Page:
Camden, NJ - Site Visit

Visits in Camden, New Jersey

Written by: Sister Marti McCarthy, SSS

May 30, 2013

A dozen yellow-tee-shirted St. Anthony seventh graders waved us off the bus as we entered von Nieto Park in Camden, New Jersey. These young activists had taken charge of their local park, which had been dirty and unsafe. The park we toured, led with pride by various members of the young group, was clean and beautiful with many improvements.

The project began when a PICO organizer facilitated a workshop on civic engagement. The park became their project and their adventure into active community advocacy. Franciscan Father Jud became their weekly companion on the journey where they figured out what needed to be done, learned who the city and county decision-makers were, and took responsibility for ongoing development and oversight of the park.

First stop was the bulletin board with coming events listed and the story of the park as featured in NETWORK’s Connection. Sister Simone had met the group at a workshop at Sacred Heart in Camden and was moved by their spunk and their commitment. After seeing the new crosswalks at the corner, we visited the swings which had been unusable before and now were in basic good repair. While there, the group noticed that one of the swings had been broken and immediately called the park representative who could see that it was fixed.

A focal point of the park is a gigantic colorful mural which was created by the school art teacher and the children. When the mural was later “graffiti’d” the students and the Camden mayor repainted those parts. Plans are to provide a protective seal to prevent future problems.

Once a month, the young group meets with city and county officials as well as police. Through their ongoing advocacy they have secured $60,000 in community development funds to provide better lighting for the area. Their next project is to provide a playground on property next to the park.

When the neighbors were initially told about the children’s project a longtime neighbor said,”Nothing will change here.”  The youth are teaching their elders how to make things happen.

Then it was on to St. Joseph’s.

A fifth grade class of blue-shirted St. Joseph students greeted us for a tour of their school. Imaginative art was everywhere inside. The spirit and dedication here was visible and palpable.

St. Joseph and St. Anthony are two of the five schools that make up Catholic Partnership Schools, which has for the past three years preserved Catholic education in five Camden parishes  (the other three are St. Cecilia, Sacred Heart  and Holy Name). When three of five of the schools were going to be closed, the Partnership (a 501(c)3) agreed to manage the schools as one system, share teacher resources as well as family support workers. The Sisters of St. Joseph of Philadelphia, together with lay colleagues, staff the schools. Sister Karen Dietrick, SSJ manages the school project. She excitedly told me about the literacy success rates that these multi-cultural, multi-racial schools have achieved and the number of scholarships to high school that students have garnered.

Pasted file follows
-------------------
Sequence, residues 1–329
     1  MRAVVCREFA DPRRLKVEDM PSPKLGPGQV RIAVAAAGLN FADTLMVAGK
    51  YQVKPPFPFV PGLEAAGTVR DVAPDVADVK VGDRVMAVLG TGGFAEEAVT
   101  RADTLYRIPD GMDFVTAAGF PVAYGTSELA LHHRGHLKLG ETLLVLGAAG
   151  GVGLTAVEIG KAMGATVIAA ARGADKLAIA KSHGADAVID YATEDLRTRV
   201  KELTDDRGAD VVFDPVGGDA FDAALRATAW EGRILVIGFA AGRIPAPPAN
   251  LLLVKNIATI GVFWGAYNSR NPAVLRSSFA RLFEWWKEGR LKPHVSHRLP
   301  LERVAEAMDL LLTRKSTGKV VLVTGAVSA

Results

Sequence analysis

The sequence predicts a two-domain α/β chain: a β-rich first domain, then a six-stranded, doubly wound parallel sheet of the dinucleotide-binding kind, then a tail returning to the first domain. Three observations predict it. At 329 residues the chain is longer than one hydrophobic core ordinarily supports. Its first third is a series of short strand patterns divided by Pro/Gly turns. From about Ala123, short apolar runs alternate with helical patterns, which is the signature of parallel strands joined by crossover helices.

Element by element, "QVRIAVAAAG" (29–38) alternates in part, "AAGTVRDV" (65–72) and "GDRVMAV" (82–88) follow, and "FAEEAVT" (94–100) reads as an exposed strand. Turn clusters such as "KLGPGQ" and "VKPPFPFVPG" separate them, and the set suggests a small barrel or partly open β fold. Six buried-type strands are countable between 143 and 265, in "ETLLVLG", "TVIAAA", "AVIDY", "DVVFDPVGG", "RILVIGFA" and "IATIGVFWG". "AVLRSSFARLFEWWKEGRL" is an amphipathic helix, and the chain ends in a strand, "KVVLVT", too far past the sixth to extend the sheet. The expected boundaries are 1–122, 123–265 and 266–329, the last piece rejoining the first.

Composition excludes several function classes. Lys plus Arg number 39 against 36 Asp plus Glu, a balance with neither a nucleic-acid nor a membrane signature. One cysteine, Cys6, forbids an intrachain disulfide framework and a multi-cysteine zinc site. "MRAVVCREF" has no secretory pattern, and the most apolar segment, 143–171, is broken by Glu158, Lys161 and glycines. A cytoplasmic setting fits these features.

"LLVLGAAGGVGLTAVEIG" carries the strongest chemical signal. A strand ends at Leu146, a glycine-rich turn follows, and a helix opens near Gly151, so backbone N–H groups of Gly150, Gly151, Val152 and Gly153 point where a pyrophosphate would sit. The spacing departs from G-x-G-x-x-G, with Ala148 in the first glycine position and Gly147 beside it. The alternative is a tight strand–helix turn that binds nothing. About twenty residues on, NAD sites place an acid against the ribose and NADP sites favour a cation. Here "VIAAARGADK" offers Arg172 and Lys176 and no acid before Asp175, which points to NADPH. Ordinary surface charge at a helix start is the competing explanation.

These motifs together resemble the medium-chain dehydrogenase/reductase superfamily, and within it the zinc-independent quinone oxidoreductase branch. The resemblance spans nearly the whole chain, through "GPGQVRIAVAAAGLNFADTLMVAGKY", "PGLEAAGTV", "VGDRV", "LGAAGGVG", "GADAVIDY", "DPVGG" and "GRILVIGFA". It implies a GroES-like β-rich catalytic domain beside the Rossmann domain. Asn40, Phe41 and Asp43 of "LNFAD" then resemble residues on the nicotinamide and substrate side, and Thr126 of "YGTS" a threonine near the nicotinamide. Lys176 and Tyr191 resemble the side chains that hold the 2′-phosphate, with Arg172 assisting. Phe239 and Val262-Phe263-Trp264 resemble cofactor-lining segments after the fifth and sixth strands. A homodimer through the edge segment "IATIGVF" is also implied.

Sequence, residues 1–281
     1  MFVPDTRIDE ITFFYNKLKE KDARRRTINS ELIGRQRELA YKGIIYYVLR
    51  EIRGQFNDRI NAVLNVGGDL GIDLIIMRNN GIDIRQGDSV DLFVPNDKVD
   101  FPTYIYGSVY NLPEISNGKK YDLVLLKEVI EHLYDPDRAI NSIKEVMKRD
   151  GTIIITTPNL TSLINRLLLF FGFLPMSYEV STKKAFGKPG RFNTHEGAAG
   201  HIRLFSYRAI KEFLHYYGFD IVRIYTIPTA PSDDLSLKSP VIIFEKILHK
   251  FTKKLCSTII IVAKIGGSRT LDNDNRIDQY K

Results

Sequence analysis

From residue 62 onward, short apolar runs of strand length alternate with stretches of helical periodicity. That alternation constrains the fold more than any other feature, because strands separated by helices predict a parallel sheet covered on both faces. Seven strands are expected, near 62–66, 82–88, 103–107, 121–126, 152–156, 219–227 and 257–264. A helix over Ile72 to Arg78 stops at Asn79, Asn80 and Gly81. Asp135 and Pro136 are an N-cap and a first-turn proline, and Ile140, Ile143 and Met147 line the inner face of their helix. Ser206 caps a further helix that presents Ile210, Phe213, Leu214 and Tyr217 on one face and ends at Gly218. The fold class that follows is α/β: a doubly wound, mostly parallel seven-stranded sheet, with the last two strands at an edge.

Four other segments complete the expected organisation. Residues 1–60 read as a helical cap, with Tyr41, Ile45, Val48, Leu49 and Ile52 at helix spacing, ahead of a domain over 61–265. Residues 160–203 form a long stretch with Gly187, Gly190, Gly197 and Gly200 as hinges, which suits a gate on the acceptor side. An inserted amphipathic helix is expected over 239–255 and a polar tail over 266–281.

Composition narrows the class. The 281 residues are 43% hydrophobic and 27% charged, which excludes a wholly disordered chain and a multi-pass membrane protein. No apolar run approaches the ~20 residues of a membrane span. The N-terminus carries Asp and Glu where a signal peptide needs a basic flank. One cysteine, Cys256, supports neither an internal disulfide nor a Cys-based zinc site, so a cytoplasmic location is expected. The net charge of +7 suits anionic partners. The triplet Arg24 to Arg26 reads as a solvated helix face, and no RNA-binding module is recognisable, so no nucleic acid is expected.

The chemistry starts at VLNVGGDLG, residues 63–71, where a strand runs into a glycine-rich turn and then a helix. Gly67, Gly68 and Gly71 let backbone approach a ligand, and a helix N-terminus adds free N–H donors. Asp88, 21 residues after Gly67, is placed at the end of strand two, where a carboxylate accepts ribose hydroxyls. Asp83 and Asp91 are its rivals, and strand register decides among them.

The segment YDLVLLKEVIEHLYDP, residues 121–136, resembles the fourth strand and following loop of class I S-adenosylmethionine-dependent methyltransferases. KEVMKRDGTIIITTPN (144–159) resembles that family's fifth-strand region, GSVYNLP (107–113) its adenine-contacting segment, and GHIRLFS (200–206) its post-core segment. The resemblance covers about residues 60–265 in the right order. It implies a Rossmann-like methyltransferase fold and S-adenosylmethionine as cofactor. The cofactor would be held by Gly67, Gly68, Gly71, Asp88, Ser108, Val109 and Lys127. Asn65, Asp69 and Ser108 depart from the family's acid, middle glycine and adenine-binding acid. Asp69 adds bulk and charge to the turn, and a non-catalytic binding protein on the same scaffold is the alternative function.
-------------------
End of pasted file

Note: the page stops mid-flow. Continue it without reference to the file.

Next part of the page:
We also visited St. Joseph’s Pro-Cathedral in Camden

About 250 people met with us at St. Joseph Pro-Cathedral in Camden to greet Nuns on the Bus and to hear from parishioners who have been active in Immigration issues. We began with a beautifully sung “Donde Esta Dios” representing the ongoing journey of immigrants in this country. Sister Veronica, SSJ introduced us and introduced women Latina leaders who spoke about their work on behalf of their immigrant communities.

Works included a Know Your Rights workshop giving critical information - including, for example, the need to have a power of attorney in case of deportation. Safety training for construction and landscaping according to the standards of the Occupational Safety and Health Administration (OSHA) was described, including reporting requirements.

 The English as a Second Language (ESL) program was explained and the good use of it by both women and men. Project Dignitas described the work of justice, equality, and peacemaking Catholic Social Teaching real to people in the spirit of Oscar Romero, martyred Salvadoran bishop, who spoke of moving from a crucified to a resurrected people.

PICO’s local organizing project at the parish—Andrews Meeting—was described as a process for identifying community needs for equality, decent jobs, and family stability. At a Liberty Park rally and again with a Mass in support of immigrant families--celebrated by Bishop Dennis Sullivan on May 3--support for immigrants was highlighted. Bishop Sullivan had proclaimed the weekend following the Mass as Justice for Immigrants weekend during which over 5000 cards of support were signed.

Young representatives of the Dreamers of St. Joseph spoke of their work researching possibilities for college and securing lower tuition rates for immigrant students. Students from St. Joseph’s attended the Senate Committee in DC on Immigration Reform at the time it passed out of Committee. Those who went had their pictures taken with their senator and one of them described the whole experience as the best day in her life.

How moving to hear the stories and the work! Simone ended the gathering with support for the work done and gave concrete ways to move ahead on comprehensive immigration reform.